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Index / Mining & Minerals - Evaluations / Rare Earth Exploration, Mining, Processing, Uses

4/13/2017 by mdc
Paige reports that Rare Earth Minerals are growing in demand, becoming a necessary and controversial commodity in today trade in production.Their status as a natural resource that is essential to the advancement of defense, technology, and clean energy will only be elevated as technology advances.

Although the REM trade has sparked backlash from environmental watch dogs, it is becoming more apparent that they are taking hold as the new oil in the natural commodities market. What makes REMs so rare is not their quantity on earth, which is abundant, but instead the amount of time and energy it takes to extract them. REMs are extremely concentrated, making it so that producers churn through mountains of material just to get a cup of product in the mines. Their yields are low, and at the moment, the general consensus is that they will be necessary for tech development for the foreseeable future.

The messy process of extracting REMs comes at a huge environmental cost. In Baotou, China, the biggest REM mining facility in the world, the effects of the industry have had an impact on the city, causing massive population growth in only two years, coupled with visible environmental destruction.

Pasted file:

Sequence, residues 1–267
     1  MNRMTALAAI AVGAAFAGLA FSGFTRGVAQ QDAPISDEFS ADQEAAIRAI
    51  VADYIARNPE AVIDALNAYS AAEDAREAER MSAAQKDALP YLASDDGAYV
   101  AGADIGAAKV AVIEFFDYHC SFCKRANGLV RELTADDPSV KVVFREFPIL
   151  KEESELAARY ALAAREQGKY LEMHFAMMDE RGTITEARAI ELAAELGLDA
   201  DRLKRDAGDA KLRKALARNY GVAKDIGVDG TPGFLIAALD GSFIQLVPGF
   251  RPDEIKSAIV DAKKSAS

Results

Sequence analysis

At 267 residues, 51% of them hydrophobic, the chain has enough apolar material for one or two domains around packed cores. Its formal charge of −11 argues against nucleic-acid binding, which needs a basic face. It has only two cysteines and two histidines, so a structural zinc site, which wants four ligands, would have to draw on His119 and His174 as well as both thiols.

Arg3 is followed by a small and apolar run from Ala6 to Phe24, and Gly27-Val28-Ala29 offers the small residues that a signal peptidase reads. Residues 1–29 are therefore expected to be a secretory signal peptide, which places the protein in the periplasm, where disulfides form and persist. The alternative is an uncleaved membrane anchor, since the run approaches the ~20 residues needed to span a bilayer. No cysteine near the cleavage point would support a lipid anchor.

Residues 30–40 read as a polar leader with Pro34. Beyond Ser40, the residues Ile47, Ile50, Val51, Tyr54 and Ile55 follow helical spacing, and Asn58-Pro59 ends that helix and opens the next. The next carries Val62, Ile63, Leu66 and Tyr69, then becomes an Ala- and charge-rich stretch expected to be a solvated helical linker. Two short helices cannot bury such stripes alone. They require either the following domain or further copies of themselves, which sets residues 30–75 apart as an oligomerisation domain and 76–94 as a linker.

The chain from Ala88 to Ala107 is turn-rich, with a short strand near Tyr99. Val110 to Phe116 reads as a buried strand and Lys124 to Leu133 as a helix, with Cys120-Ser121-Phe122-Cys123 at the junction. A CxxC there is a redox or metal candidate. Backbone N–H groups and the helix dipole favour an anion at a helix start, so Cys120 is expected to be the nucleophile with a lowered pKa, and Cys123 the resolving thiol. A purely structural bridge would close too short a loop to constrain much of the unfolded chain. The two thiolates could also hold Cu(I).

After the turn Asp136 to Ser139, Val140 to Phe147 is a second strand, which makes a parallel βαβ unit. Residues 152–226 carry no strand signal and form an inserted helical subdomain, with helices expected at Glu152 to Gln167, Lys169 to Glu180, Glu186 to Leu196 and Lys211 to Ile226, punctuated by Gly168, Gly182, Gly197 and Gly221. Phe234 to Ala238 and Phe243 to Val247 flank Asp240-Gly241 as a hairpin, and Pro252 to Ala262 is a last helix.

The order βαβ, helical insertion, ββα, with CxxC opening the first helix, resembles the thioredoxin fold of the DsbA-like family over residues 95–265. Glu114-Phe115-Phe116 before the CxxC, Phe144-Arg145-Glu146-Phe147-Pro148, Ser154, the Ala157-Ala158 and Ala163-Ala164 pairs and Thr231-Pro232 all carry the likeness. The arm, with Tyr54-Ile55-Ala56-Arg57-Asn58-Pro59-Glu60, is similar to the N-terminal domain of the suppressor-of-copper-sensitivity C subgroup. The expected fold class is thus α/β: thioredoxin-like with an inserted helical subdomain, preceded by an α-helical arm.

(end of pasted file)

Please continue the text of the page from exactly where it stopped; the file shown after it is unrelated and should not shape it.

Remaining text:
Considering the new EPA restructuring, regulation in the U.S. may no longer be an impediment, but even if we had an operational mine like Molycorp, we would still be at least a decade behind China with the infrastructure to refine and manufacture REMs into consumer electronics. If Molycorp were to start back up tomorrow and produce immediately, we would still have to ship the REM to China for refinement and production.

Basically, the U.S. lag in developing REM extraction and refinement infrastructure and China willingness to do the dirty work required to acquire them has created a situation where China is like a one-man OPEC.

Read on ...

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Open Resource  |  2017/04/13  |  91 Report Broken   Tell Friend

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